Our favourite fairy tales - and our fear of sight loss
We know from survey data that sight is the sense people fear losing the most. It's no wonder, as for most of us it's hard to even imagine navigating a world we can't see.
But this fear is not new and on World Book Day it's interesting to remember that some of the most loved stories we have – stories we grew up with and heard as children – reflect those fears with the taking of sight often used as a punishment or a curse.
For instance, almost everyone has seen the movie Frozen (and then struggled to get the songs out of their head…). Most people know the movie was inspired by Hans Christian Andersen's fairy tale, The Snow Queen. But not everyone knows that the original version of the story includes a plot point with a magic mirror distorting the appearance of everything it reflects. In this early version of the story, the mirror shatters and splinters of glass are blown by the wind, getting into people's hearts and eyes, freezing of hearts like blocks of ice and making people's eyes like the mirror, seeing only the bad and ugly. There was only one way to get it out. Can you guess? Only when the two separated loves are reunited.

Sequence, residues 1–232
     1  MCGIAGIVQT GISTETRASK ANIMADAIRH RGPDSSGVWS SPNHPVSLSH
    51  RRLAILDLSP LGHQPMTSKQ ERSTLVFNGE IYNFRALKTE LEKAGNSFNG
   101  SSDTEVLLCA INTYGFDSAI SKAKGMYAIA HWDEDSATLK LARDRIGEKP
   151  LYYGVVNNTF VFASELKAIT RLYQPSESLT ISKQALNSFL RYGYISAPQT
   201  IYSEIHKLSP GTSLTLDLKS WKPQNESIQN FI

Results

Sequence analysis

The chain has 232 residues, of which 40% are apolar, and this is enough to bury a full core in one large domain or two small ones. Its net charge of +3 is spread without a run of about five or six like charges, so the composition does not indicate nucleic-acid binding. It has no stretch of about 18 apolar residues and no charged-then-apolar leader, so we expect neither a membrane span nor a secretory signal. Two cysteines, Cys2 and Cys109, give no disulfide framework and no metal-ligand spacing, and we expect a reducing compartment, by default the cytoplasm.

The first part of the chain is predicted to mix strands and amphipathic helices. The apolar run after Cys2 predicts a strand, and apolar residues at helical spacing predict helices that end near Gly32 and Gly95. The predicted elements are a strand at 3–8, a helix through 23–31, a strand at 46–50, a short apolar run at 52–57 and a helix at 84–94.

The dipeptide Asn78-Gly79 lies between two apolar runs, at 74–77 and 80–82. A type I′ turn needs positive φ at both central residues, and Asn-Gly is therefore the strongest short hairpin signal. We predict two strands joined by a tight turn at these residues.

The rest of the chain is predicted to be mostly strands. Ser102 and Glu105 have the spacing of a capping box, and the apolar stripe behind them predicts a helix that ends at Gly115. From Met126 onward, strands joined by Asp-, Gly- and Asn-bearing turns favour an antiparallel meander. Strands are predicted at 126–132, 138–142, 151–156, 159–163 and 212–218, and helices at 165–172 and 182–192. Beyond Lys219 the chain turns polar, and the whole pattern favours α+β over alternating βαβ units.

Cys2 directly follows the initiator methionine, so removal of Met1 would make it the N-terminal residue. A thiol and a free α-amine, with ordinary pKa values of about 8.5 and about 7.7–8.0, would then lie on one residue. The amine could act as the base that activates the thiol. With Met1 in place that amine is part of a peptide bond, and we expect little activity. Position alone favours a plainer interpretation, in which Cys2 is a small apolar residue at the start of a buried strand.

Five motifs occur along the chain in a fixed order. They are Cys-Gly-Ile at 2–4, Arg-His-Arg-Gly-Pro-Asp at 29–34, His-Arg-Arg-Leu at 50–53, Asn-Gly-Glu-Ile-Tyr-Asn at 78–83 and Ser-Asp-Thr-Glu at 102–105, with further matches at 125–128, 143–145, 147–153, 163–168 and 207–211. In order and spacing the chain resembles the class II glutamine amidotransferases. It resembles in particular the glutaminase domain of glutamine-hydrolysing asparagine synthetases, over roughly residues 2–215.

Spoiler alert – in the unlikely event you don't know the ending to Cinderella, look away now…
The Cinderella story does not have a happy ending in every version. The Brothers Grimm concluded their account during Cinderella's wedding. Her stepsisters, walking down the aisle as bridesmaids, are attacked by birds which pluck out the two stepsisters' eyes, leaving them blind as a punishment for their cruelty towards Cinderella.
Versions of Rapunzel also feature the curse of blindness, although not the latest iteration – if you've seen Tangled, you'll have missed this plot strand. In early versions of the story, the prince's attempt to rescue Rapunzel ends in a face-to-face meeting with the witch, still masquerading at Rapunzel's mother. He falls from the tower in shock and lands on some thorns, which blind him. Only his reunion with Rapunzel can restore his sight.
Happily, treating blindness or sight loss as the result of a curse is not that common anymore. And if it was we would probably fund research into how to overcome such things!